Demo Hour

XVIII.6 November + December 2011
Page: 8
Digital Citation

Frank Vetere, Martin Gibbs, Darren Edge, Stefan Agamanolis, Jennifer Sheridan, Daniel Leithinger, Dávid Lakatos, Anthony DeVincenzi, Matthew Blackshaw, Edwina Portocarrero, David Robert, Michelle Chung, Sean Follmer, Edwina Portocarrero, Ye Wang, Lina Johansson, Claes Ericson, David Karlsson

back to top  Jogging over a Distance

Jogging over a Distance is a support system for social joggers who live apart or have different abilities but who want to run "together." Headsets allow both conversation and sharing of breathlessness, with the audio sounding like it is coming from ahead, beside, and behind you as you catch up with, run alongside, and move past your partner. Rather than comparing running speeds to calculate who is in front, we compare each jogger's heart rate relative to their target, creating a motivational and equitable running experience in which joggers of different abilities can run together, even as far apart as Europe and Australia.


Project website:


Mueller, F., Vetere, F., Gibbs, M.R., Edge, D., Agamanolis, S., and Sheridan, J.G. Jogging over a distance between Europe and Australia. UIST '10. Proc. of the 23rd Annual ACM Symposium on User Interface Software and Technology (New York, NY). ACM, New York, 2010.

* Authors

Florian "Floyd" Mueller | The University of Melbourne | Exertion Games Lab/RMIT | [email protected]

Frank Vetere | The University of Melbourne | [email protected]

Martin R. Gibbs | The University of Melbourne | [email protected]

Darren Edge | Microsoft Research Asia | [email protected]

Stefan Agamanolis | Akron Children's Hospital | [email protected]

Jennifer G. Sheridan | London Knowledge Lab | [email protected]

back to top  Recompose

Recompose is a new system for manipulation of an actuated surface. By collectively utilizing the body as a tool for direct manipulation alongside gestural input for functional manipulation, we show how a user is afforded unprecedented control over an actuated surface. We describe a number of interaction techniques exploring the shared space of direct and gestural input, demonstrating how their combined use can greatly enhance creation and manipulation beyond unaided human capability.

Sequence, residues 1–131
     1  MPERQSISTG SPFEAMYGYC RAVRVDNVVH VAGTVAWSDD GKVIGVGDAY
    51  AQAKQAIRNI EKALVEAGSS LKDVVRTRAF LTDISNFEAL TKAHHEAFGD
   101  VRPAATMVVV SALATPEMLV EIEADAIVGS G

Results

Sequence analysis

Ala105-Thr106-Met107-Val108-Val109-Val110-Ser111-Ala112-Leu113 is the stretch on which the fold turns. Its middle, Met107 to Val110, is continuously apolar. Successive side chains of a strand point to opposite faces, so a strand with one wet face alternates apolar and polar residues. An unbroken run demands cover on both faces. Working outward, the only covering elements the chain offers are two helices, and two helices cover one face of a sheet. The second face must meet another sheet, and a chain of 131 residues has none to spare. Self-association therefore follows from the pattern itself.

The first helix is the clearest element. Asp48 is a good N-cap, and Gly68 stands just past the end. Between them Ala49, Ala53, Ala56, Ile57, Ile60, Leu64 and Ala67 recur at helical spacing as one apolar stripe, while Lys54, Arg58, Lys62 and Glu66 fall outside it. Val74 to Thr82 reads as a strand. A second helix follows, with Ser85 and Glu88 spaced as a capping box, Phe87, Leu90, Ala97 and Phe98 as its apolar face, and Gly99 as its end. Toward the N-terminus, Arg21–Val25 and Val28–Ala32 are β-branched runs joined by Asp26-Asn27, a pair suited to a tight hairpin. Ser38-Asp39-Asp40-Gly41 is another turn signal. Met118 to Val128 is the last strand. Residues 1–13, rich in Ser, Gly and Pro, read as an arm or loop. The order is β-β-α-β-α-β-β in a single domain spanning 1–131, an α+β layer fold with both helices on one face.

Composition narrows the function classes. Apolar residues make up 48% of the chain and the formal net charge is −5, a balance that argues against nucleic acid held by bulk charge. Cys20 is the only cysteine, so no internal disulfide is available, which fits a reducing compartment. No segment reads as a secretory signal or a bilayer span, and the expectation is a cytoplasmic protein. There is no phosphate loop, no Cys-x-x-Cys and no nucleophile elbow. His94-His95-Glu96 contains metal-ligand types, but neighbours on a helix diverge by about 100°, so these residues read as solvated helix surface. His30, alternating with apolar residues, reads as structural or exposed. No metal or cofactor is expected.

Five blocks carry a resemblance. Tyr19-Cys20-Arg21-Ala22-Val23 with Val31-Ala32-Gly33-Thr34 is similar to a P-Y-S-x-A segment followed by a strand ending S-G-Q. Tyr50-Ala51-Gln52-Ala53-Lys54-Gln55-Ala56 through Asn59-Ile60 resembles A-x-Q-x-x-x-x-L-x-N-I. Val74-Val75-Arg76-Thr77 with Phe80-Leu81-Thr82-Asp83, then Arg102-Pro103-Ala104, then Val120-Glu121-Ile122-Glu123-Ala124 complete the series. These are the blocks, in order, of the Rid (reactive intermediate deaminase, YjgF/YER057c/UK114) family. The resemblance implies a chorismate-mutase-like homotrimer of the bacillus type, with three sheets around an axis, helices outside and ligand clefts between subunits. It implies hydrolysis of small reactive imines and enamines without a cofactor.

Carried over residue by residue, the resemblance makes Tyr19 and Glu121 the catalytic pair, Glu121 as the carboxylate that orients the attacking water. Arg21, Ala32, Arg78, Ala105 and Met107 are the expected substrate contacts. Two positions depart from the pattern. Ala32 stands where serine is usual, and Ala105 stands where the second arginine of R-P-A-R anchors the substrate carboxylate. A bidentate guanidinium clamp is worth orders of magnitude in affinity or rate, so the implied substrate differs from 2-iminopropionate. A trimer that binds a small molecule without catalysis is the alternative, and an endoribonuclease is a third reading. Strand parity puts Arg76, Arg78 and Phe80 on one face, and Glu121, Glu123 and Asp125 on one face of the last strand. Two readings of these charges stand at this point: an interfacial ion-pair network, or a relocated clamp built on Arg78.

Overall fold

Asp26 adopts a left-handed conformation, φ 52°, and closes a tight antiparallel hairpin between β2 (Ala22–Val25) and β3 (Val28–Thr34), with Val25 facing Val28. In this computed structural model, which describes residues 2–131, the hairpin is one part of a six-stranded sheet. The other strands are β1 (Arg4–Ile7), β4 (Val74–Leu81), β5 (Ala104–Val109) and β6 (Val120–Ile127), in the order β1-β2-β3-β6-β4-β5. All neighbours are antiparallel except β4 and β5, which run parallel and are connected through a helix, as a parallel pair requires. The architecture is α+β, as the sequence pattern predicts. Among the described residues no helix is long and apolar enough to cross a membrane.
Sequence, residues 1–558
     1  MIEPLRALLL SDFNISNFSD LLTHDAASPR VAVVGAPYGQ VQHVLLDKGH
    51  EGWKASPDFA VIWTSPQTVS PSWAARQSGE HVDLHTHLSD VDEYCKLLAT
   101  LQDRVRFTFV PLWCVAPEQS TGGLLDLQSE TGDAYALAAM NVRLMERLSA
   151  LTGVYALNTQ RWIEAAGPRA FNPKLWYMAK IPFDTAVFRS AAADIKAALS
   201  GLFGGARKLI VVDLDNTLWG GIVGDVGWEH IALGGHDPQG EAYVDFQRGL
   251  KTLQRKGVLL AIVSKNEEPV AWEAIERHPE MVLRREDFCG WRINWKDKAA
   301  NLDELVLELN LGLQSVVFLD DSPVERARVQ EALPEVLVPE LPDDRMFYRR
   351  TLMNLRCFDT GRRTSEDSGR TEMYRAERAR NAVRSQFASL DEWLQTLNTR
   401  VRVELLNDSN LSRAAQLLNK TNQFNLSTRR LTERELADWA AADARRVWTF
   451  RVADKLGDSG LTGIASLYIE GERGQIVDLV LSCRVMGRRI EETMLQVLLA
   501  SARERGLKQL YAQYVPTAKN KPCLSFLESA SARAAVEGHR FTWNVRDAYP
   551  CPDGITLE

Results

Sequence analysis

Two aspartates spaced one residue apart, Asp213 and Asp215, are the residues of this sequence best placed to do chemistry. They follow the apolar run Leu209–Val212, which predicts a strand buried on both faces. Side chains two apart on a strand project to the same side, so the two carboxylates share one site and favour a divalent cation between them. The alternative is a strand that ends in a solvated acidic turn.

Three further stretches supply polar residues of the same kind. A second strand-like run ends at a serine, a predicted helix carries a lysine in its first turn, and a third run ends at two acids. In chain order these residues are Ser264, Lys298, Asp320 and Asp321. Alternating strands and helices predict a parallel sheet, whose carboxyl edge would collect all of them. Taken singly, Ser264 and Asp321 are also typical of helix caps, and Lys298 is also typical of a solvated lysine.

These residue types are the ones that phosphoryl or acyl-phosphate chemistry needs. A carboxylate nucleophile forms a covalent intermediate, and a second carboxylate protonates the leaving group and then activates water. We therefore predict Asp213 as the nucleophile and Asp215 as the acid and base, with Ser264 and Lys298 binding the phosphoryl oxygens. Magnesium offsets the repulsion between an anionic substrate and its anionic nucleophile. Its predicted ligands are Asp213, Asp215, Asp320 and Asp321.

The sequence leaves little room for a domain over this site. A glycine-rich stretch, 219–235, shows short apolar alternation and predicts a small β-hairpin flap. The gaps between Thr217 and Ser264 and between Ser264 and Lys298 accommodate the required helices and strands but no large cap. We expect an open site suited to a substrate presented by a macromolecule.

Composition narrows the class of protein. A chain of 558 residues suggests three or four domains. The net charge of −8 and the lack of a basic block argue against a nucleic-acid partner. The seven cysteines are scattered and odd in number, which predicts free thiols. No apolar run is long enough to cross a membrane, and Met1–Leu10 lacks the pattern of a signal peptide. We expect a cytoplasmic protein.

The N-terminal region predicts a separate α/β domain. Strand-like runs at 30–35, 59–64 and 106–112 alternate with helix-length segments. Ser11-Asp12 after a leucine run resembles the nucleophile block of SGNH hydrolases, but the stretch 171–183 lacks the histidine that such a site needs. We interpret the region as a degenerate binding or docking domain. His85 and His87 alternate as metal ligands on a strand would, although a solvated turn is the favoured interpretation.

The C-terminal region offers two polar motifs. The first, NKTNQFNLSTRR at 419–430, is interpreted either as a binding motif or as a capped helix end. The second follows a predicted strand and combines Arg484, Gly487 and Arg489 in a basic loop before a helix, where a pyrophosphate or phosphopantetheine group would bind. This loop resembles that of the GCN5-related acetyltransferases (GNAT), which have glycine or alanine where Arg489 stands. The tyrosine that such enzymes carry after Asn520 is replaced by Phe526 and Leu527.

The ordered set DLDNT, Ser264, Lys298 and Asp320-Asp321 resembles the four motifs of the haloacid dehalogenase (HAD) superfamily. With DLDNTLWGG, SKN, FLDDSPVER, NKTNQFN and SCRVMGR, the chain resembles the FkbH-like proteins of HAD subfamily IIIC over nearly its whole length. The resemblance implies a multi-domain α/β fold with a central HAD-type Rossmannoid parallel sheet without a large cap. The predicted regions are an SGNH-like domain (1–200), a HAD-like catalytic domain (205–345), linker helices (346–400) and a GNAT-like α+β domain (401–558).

Project website:


Leithinger, D., Lakatos, D., DeVincenzi, A., Blackshaw, M., and Ishii, H. Direct and gestural interaction with relief: A 2.5D shape display. UIST 2011 (forthcoming).

Blackshaw, M., DeVincenzi, A., Lakatos, D., Leithinger, D. and Ishii, H. Recompose: Direct and gestural interaction with an actuated surface. CHI WIP 2011.

* Authors

Daniel Leithinger | MIT Media Lab | [email protected]

Dávid Lakatos | MIT Media Lab | [email protected]

Anthony DeVincenzi | MIT Media Lab | [email protected]

Matthew Blackshaw | MIT Media Lab | [email protected]

back to top  The Never-Ending Drawing Machine (NEDM) and Calliope

The Never-Ending Drawing Machine (NEDM) and Calliope (shown) are networked platforms that allow asynchronous viewing and physical editing of shared media at a distance, using a paper sketchbook as the main interface.

The systems layer analog and digital material, mapping pre-created digital media and captured analog content and displaying it on a networked "creation-station." Allowing objects to be used as creative material, the systems promote personalized, contextualized co-creation, bridging collaborative cross-cultural and cross-generational gaps.


Project websites: and


Portocarrero et al. The NeverEndingStorytellingMachine: A platform for creative collaboration using a sketchbook and everyday objects. Papercomp: 1st International Workshop on Paper Computing, Ubicomp 2010.

* Authors


Edwina Portocarrero | MIT Media Lab | [email protected]

David Robert | MIT Media Lab | [email protected]

Michelle Chung | MIT Media Lab | [email protected]

Sean Follmer | MIT Media Lab| [email protected]


Edwina Portocarrero | MIT Media Lab | [email protected]

Ye Wang | MIT Media Lab | [email protected]

back to top  C the City

C the City explores new ways of presenting and interacting with visualized data. Maps in various forms, models, and visualizations of cities and geographic regions are fascinating. They make it possible for us to get an overview, to see and create connections. In C the City these tools are used in a playful way to engage people in the development and future of Norrköping, Sweden. C the City consists of a large LEGO model on which data is projected. Users can explore the data connected to the city by interacting with a touchscreen.


Project websites:

* Authors

Lina Johansson | Citilab/Norrköping Visualisering AB | [email protected]

Claes Ericson | The Interactive Institute | [email protected]

David Karlsson | The Interactive Institute | [email protected]

back to top 

©2011 ACM  1072-5220/11/11  $10.00

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